Maricopa crime down 14% in March, but violent crime ticks up

850
IKEA murder arrest
Overall crime in Maricopa declined by 14 percent in March, according to statistics cited by the Maricopa Police Department. However, violent crime ticked up by eight percent. [Bryan Mordt]

Property crime was down significantly in March though violent crime rose slightly, according to a monthly report.

The report, issued by Maricopa police Chief James Hughes, compared crime statistics from February to March. Both property crime and crimes against society were down, while violent crime rose slightly.

Violent crimes, which includes homicides, sexual offenses and assaults, were up from 39 in February to 42 in March, an increase of 8%.

MPD responded to 52 Group “A” person crimes in March compared to 49 in February.

“MPD will continue to focus on domestic violence through education and prevention,” the report said. “Our (school resource officers) have been working closely with their assigned school administrators to address assault-related incidents in our schools (and) 52 percent of all assaults reported to MPD result in the immediate arrest of the offender.”

Property crime dropped dramatically in March, from 11 in February to just two, and fraud arrests declined from 36 to 28, a 28% drop. Stolen vehicles remained unchanged at three and March saw a 27% decrease in criminal damage arrests, from 33 in February to 24. Total property crimes declined from 129 in February to just 106 in March, a decrease of 23 crimes and 18%.

Crimes Against Persons – murder, rape and assault, for example – are those whose victims are always individuals, according to the FBI. In Crimes Against Property – robbery, bribery and burglary – the objective is to obtain money, property or some other benefit. Crimes Against Society – gambling, prostitution and drug violations – represent society’s prohibition of certain types of activity; they are typically victimless crimes in which property is not the object.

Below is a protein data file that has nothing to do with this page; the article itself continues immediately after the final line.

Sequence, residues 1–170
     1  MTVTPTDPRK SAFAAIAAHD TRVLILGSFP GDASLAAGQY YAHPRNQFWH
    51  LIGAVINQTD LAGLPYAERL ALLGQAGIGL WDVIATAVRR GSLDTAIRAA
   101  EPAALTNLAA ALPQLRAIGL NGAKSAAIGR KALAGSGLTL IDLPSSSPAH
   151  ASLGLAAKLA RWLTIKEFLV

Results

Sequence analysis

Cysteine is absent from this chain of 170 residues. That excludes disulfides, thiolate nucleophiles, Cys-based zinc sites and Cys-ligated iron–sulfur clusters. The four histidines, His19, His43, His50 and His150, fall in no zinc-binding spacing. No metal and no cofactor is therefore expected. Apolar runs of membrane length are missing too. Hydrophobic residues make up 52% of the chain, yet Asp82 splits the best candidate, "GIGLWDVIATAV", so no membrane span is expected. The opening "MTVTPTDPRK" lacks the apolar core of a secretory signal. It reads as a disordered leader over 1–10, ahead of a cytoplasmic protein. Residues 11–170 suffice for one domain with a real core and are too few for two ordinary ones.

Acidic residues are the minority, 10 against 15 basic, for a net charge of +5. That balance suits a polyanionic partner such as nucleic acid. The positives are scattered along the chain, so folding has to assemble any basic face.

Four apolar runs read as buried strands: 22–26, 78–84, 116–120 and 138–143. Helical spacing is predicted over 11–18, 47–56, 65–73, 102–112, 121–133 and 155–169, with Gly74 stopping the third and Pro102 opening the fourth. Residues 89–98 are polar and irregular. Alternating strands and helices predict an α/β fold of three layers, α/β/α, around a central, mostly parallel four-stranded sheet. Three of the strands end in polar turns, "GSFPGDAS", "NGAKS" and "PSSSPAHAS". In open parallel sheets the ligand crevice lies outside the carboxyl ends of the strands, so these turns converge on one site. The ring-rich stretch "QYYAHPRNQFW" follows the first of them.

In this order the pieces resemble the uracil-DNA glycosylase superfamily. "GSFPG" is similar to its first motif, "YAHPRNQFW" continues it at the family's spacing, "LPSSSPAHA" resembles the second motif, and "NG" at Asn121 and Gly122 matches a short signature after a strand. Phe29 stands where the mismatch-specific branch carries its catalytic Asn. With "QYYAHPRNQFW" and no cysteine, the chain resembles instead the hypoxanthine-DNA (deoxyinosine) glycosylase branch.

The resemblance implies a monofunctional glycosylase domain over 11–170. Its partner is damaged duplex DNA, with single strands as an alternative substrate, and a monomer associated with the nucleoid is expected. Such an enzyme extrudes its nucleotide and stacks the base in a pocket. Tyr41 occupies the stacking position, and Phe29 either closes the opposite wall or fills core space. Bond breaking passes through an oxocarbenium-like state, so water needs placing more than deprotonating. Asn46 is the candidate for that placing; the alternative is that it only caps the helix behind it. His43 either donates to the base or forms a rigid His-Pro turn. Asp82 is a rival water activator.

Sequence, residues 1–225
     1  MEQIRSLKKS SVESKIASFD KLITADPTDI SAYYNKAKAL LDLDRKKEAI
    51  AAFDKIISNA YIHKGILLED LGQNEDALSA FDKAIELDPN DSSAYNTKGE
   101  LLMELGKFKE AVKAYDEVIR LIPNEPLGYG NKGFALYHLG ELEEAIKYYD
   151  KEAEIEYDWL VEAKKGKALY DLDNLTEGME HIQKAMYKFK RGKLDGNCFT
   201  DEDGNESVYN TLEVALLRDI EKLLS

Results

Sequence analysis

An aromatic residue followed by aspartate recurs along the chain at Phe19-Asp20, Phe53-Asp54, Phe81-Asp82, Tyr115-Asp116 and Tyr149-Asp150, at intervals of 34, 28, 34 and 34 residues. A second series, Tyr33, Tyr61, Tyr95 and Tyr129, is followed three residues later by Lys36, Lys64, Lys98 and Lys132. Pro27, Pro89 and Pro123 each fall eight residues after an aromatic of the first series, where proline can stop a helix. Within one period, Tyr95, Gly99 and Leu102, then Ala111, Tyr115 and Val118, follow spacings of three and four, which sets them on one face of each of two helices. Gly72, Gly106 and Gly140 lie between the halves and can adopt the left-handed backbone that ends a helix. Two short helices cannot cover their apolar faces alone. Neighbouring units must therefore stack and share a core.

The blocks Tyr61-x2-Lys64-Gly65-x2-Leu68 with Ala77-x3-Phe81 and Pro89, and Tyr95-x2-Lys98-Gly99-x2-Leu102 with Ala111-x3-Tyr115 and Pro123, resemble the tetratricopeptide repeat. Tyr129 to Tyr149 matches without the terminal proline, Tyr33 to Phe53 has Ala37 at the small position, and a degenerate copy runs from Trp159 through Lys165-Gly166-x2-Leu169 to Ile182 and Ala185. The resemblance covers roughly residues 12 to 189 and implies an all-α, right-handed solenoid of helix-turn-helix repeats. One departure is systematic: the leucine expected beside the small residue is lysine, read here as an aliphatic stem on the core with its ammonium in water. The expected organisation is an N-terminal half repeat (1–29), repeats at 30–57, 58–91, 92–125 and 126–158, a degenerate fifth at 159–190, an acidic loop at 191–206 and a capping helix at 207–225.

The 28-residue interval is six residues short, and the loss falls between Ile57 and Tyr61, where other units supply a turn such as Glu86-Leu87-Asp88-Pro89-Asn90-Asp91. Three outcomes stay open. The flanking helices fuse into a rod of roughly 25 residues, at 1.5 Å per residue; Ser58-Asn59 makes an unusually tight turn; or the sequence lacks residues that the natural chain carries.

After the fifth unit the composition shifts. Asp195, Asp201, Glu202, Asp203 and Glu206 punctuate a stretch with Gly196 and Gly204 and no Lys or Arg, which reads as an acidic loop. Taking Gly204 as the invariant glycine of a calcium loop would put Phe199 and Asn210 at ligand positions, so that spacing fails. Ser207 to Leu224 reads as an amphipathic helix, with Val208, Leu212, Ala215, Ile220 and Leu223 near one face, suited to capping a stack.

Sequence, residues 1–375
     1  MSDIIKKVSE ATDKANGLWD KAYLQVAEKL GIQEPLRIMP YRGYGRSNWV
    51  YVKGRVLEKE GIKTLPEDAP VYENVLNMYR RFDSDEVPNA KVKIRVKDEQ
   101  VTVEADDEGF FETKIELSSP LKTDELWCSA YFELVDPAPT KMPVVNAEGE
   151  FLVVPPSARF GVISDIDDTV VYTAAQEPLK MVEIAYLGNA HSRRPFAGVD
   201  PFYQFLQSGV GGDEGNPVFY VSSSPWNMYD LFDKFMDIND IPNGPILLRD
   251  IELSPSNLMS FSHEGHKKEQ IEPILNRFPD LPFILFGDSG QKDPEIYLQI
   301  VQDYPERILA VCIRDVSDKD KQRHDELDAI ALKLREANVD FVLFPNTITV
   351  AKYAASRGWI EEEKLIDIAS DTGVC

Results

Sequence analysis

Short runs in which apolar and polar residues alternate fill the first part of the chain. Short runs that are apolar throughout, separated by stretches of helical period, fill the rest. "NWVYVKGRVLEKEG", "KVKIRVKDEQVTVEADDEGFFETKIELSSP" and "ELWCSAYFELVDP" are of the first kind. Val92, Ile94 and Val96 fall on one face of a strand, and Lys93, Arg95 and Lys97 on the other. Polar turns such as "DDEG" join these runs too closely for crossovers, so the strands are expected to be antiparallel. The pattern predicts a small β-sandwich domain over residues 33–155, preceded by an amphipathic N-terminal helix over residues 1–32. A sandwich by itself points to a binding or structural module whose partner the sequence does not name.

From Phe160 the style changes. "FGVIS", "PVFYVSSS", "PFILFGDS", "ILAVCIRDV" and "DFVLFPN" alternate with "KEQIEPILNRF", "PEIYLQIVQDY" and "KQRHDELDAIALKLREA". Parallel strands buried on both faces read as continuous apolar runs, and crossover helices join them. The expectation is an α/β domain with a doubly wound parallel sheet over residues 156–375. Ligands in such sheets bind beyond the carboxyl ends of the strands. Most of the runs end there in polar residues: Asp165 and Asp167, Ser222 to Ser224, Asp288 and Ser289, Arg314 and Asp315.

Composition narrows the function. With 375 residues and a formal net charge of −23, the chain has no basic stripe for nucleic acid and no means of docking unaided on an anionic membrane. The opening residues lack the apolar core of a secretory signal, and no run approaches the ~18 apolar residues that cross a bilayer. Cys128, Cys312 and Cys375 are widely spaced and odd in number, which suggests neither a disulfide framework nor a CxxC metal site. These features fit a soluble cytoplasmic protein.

“For a city of our size to have only two burglaries for the month of March is tremendous,” Hughes said in the report. “This includes both commercial and residential structures. Our night shifts continue their focus on crime prevention and the daily mission of our night patrols is to maintain periodic property checks of the new developments in our city (and) collaborate with the builders, many of whom have installed cameras.”

Nearly half of theft crimes were shoplifting from retail stores, said Hughes, adding Community Policing and Criminal Investigations units would continue to work with the business community to identify repeat offenders.

Drug crimes decreased 21%, from 52 in February to 41 in March. Weapons offenses increased by 45%, from seven to 10. There was a total of 51 crimes against society in March – up 18% from 41 a month earlier.

The report also addressed lesser crimes, known as Group B crimes, which are mostly the result of proactive policing. These include DUI and liquor laws. In March, there were 98 Group B crimes in comparison to 119 in February, a reduction of 18%.

Overall, including both Group A and B crimes, Maricopa saw a 14% decrease in crime in March from the previous month. Assaults, thefts and drug offenses account for more than half the crime in the city.